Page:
Stress and compassion fatigue in veterinary nurses in New Zealand

02 February 2020
9 mins read
Volume 11 · Issue 1



Stress and compassion fatigue are widely acknowledged as prevalent in workers in ‘caring’ roles, however this has not been widely documented in New Zealand veterinary nurses.


This project aimed to investigate the prevalence of stress and compassion fatigue in New Zealand veterinary nurses.


Using an online survey, veterinary nurses were asked to self-report their incidence of stress or compassion fatigue felt as a result of their working environment. Veterinary nurses were also asked to report the ways in which they cope with stress and compassion fatigue, and their likelihood of changing jobs.


There were 288 responses to the survey. Of these, 94% of respondents reported feeling stressed and 82% reported experiencing compassion fatigue as a result of their work. 30% of respondents reported an increase in the consumption of alcohol/cigarettes and drugs as a result of stress. Most respondents reported managing their stress and compassion fatigue by talking to colleagues or family. A large number of respondents reported having considered a career change at some stage due to stress or compassion fatigue.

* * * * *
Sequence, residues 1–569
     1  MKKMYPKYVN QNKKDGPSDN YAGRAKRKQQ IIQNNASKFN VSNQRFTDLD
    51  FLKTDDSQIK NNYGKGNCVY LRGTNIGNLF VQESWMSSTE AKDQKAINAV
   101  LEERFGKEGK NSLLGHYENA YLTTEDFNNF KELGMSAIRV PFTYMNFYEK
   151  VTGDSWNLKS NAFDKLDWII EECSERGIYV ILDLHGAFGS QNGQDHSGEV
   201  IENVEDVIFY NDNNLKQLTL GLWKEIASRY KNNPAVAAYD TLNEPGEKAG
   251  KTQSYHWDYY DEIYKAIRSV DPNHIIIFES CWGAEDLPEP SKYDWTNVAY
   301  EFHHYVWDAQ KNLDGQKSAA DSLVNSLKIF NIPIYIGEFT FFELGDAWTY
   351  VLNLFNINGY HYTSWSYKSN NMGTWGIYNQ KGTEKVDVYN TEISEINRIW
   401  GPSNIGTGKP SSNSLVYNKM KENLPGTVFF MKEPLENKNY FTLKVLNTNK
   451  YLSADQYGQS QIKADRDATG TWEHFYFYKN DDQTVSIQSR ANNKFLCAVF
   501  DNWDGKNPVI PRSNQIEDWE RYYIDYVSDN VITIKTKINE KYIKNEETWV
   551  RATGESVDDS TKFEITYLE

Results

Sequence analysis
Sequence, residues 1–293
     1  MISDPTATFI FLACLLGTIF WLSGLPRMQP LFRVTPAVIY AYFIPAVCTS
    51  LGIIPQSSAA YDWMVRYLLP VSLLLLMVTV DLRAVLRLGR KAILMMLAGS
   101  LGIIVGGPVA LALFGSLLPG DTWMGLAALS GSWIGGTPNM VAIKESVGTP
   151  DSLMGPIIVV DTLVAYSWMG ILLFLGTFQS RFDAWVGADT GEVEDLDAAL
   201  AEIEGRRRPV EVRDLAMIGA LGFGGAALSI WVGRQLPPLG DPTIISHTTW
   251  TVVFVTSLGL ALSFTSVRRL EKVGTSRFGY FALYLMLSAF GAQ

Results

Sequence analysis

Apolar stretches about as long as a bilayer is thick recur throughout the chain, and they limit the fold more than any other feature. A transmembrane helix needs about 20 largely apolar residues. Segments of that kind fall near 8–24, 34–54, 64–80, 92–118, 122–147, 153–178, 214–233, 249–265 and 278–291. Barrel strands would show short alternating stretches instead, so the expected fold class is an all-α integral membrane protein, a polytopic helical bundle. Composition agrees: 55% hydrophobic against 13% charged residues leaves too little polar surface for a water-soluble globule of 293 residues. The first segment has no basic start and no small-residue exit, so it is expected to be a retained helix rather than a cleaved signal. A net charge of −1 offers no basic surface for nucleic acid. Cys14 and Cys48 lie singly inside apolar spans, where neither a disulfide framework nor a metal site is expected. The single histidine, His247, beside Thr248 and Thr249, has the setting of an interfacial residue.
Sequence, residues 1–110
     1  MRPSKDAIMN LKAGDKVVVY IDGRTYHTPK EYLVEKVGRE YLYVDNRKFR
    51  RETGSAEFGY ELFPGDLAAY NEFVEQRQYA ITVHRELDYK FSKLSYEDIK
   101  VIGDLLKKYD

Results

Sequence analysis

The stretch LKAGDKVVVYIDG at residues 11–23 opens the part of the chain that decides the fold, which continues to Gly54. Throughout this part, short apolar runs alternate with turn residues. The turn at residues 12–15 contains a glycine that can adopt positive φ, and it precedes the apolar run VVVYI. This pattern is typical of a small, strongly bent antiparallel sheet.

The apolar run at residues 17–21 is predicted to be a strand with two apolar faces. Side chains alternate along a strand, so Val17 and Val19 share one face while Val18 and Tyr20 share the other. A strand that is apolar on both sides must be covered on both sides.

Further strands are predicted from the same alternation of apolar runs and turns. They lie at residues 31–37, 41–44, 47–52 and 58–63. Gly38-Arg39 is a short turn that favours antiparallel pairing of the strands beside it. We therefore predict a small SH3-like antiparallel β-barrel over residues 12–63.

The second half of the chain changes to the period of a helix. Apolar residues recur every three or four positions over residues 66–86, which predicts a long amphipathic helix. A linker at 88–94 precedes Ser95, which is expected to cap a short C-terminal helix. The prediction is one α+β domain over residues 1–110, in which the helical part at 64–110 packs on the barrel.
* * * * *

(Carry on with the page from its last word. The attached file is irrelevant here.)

This research demonstrates a high incidence of stress and compassion fatigue in New Zealand veterinary nurses, with a low percentage of those seeking professional support. Further investigation into combatable causal factors for stress as it differs from compassion fatigue is warranted to ultimately offer support to veterinary nurses to continue their vocation.

Over the past two decades, the influence of ‘stress’ has been extensively studied in doctors and nurses within the human healthcare system (Galantino et al, 2005; Ogińska-Bulik, 2006). The effect of ‘stress’ has also been acknowledged in similar animal-related professions such as veterinarians and veterinary nurses (Huggard and Huggard, 2008). The term ‘stress’ refers to ‘a state of mental or emotional strain or tension resulting from adverse or demanding circumstances’ (Lexico, n.d). Burnout, a form of stress, is a consequence of job stress such as conflict between roles, lack of expectations, or overload (Rizzo et al, 1970). This causes emotional exhaustion, depersonalisation and low personal accomplishment (Schaufeli et al, 1996). More recently, burnout caused by giving constant care to those with pain, trauma and suffering has resulted in a new term, ‘compassion fatigue’. This is used to describe human healthcare and veterinary care workers who have lost their ability to ‘nurture’ (Coetzee and Klopper, 2010). This can lead to workers being ineffective, apathetic, and depressed (Joinson, 1992). In the veterinary clinic setting, compassion fatigue is the emotional exhaustion from exposure to traumatic situations such as managing animal abuse cases, assisting with euthanasia or severe injury, and talking to clients or colleagues about patients (Overfield, 2012).

Register now to continue reading

Thank you for visiting The Veterinary Nurse and reading some of our peer-reviewed content for veterinary professionals. To continue reading this article, please register today.